Markets remain in thrall of Central Bank action and bond market volatility has spiked.

Higher for longer hints are being dropped, some not so subtly, and as the cost of borrowing returns to long term normality, many are still getting used to interest rates that they have not experienced before. However, as the transmission system is seemingly more extended and inefficient, the delay factor does run the risk of over-tightening, something that Central Bankers seem willing to accept. Longer duration assets have, again, seen their fair share of volatility.

The Federal Reserve are rightly taking a brief pause in their hiking cycle to attempt to measure the effects of their 10 straight hikes. Stresses and strains were to be expected and Chairman Powell has warned of them many times. We saw the regional banking problems in Q1 but strains are also visible in the commercial real estate and CLO markets where values have plummeted and spreads have ballooned.

The ECB remains on course to pile on the pain, remember that it is still less than a year ago that they were pursuing a negative rate policy (crazy). Germany’s technical recession is evidence of that pain, but their recent manufacturing numbers were stronger and cause for optimism that it may be short and shallow. June EU core inflation numbers were not encouraging though as they showed a re-acceleration to 5.4% as the cost of services increased.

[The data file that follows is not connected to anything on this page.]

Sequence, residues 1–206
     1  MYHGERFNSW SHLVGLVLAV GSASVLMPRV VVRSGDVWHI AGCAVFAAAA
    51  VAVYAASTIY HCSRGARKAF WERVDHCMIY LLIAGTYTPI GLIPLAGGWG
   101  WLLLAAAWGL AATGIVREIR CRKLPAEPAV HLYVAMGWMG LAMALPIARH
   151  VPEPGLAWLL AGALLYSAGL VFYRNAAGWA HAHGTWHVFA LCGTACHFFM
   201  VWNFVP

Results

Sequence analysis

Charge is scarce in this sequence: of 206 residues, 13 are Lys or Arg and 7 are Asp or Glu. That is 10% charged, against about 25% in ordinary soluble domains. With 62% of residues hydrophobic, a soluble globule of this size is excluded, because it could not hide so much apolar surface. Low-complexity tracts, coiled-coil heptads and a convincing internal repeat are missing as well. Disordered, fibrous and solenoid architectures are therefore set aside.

The Bank of England and its Governor fight for their credibility in a way that we have not experienced before. Whilst no one envies them their role, the delay in withdrawing liquidity and starting to normalise rates was down to their procrastination and no one else’s. The effects of their last 50bp hike are still reverberating around mortgage markets and yet we still have not seen a moderation in core inflation rates.

The pattern of issuance (in Sterling) continues to be skewed to the short to medium end of the curve and with 2 year Gilts now yielding well north of 5% there are some remarkable coupons printing from high grade borrowers. As issuers cast around for different rate and risk profiles, we have the spectre of Credit Agricole issuing an inaugural Panda bond denominated in Yuan into Chinese markets. The proceeds are to be remitted offshore for use in their ongoing operations, but it feels like this has a whole new arena of risk attached to it.

The above article has been prepared for investment professionals. Any other readers should note this content does not constitute advice or a solicitation to buy, sell, or hold any investment. We strongly recommend speaking to an investment adviser before taking any action based on the information contained in this article.

Please also note the value of investments and the income you get from them may fall as well as rise, and there is no certainty that you will get back the amount of your original investment. You should also be aware that past performance may not be a reliable guide to future performance.

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